Every Christmas as the war raged on, amid the bombs dropping all around them, my grandmother and her family would rush downstairs to the dirt floor safety of their basement. There, in the darkness, they would light a small candle. A small flame of light would penetrate the darkness of the musky room and a small warmth would be felt, albeit it psychologically, by the warm aura the little flame produced. There, on their knees, shaking from cold and fear, they would pray together and sing: Stille Nacht, heilige Nacht, Alles schläft; einsam wacht. In German the first line reads: “Silent night! Holy night! / All are sleeping, alone and awake.” We, of course, sing the song, “Silent Night, Holy Night. / All is calm, all is bright.”
After the war, my grandmother married a man from Turkey (a Turkestani as she called him). They emigrated to America and started their life in Arlington, VA. Thousands of miles from her family she felt the loneliness—and then the abuse began. First it was verbal, then it became physical. Her husband was a successful banker who threw outlandish parties. Parties, mind you, to which she was never invited. Her job was to prepare for the merry hoarde, then not be seen by them because of her husband’s embarrassment of her. Later, after the guests left, her job was to clean up the mess left in the wake of their departure.
Weekend after weekend. Year after year. 25 years in all.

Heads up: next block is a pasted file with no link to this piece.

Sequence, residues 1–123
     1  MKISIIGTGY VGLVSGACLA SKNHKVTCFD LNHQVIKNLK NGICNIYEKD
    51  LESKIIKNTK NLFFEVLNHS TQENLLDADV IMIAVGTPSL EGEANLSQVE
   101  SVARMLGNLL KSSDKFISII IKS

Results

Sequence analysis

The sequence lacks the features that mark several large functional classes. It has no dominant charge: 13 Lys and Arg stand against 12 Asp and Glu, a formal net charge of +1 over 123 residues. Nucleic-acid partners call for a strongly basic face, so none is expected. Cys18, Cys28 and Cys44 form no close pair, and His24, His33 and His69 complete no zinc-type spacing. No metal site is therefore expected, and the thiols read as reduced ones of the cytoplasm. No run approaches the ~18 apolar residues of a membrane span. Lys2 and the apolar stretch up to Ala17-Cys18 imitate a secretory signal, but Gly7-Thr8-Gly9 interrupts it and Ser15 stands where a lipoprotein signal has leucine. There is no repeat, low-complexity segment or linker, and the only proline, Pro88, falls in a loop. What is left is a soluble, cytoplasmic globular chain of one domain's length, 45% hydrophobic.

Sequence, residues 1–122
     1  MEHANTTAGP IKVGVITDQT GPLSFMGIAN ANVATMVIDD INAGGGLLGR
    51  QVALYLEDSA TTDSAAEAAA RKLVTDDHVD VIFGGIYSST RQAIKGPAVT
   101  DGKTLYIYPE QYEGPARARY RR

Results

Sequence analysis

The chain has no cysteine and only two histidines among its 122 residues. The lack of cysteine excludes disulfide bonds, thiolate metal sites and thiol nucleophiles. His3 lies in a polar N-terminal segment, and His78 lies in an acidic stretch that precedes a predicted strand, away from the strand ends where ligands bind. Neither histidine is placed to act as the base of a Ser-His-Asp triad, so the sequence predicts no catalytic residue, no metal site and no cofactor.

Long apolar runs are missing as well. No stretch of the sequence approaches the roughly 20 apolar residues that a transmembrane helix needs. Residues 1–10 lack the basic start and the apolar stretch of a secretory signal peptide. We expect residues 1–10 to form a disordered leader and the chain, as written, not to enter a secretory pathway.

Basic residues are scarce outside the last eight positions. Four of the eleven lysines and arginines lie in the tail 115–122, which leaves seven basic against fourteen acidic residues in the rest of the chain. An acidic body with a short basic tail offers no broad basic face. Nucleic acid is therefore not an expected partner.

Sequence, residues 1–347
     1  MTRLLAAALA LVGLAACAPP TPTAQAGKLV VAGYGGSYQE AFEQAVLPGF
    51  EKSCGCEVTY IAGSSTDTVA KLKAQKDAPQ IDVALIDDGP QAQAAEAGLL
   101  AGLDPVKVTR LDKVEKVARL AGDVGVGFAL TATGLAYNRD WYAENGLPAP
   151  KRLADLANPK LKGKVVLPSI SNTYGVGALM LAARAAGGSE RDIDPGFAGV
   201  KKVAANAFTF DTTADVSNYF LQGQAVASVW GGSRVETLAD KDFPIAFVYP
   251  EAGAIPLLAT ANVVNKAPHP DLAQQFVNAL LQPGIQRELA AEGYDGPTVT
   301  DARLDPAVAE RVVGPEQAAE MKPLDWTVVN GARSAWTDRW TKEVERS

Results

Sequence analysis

Christmas brought the greatest parties in the house that was not her home. Every Christmas she was forgotten…left alone in the basement as the guests partied above. Guests who were clueless that their host even had a wife. In her cold, damp basement, with tears streaming down her cheeks, she would sit on a metal folding chair, amid walls of concrete, holding her adopted son. She would pray and on those cold Christmas Eves, with a small lit candle in hand, she would sing: Stille Nacht, heilige Nacht, Alles schläft; einsam wacht.
After 25 years, she found the courage to break the cycle of violence—to make her own life. To rid herself of the pain and suffering that had legally been called a marriage. While her husband was away she gathered up her belongings, a suitcase of clothes and a set of dishes from the homeland, loaded her son in the car, and she left everything she had ever known behind. Years later, in a complicated legal battle, she won her divorce, officially closing a haunting chapter in a book typed in pain.
In the Spring of 1983, in a diner outside of Waynesboro, VA, my grandmother spotted a handsome man across the way who kept making glances at her when she looked the other way. He did not realize that when she looked out the window she was watching his eyes in the reflection of the glass. She made the bold move to get up and go to him. Taken back and flustered, the 72-year-old man apologized profusely and made a sudden move to exit the booth and leave the restaurant.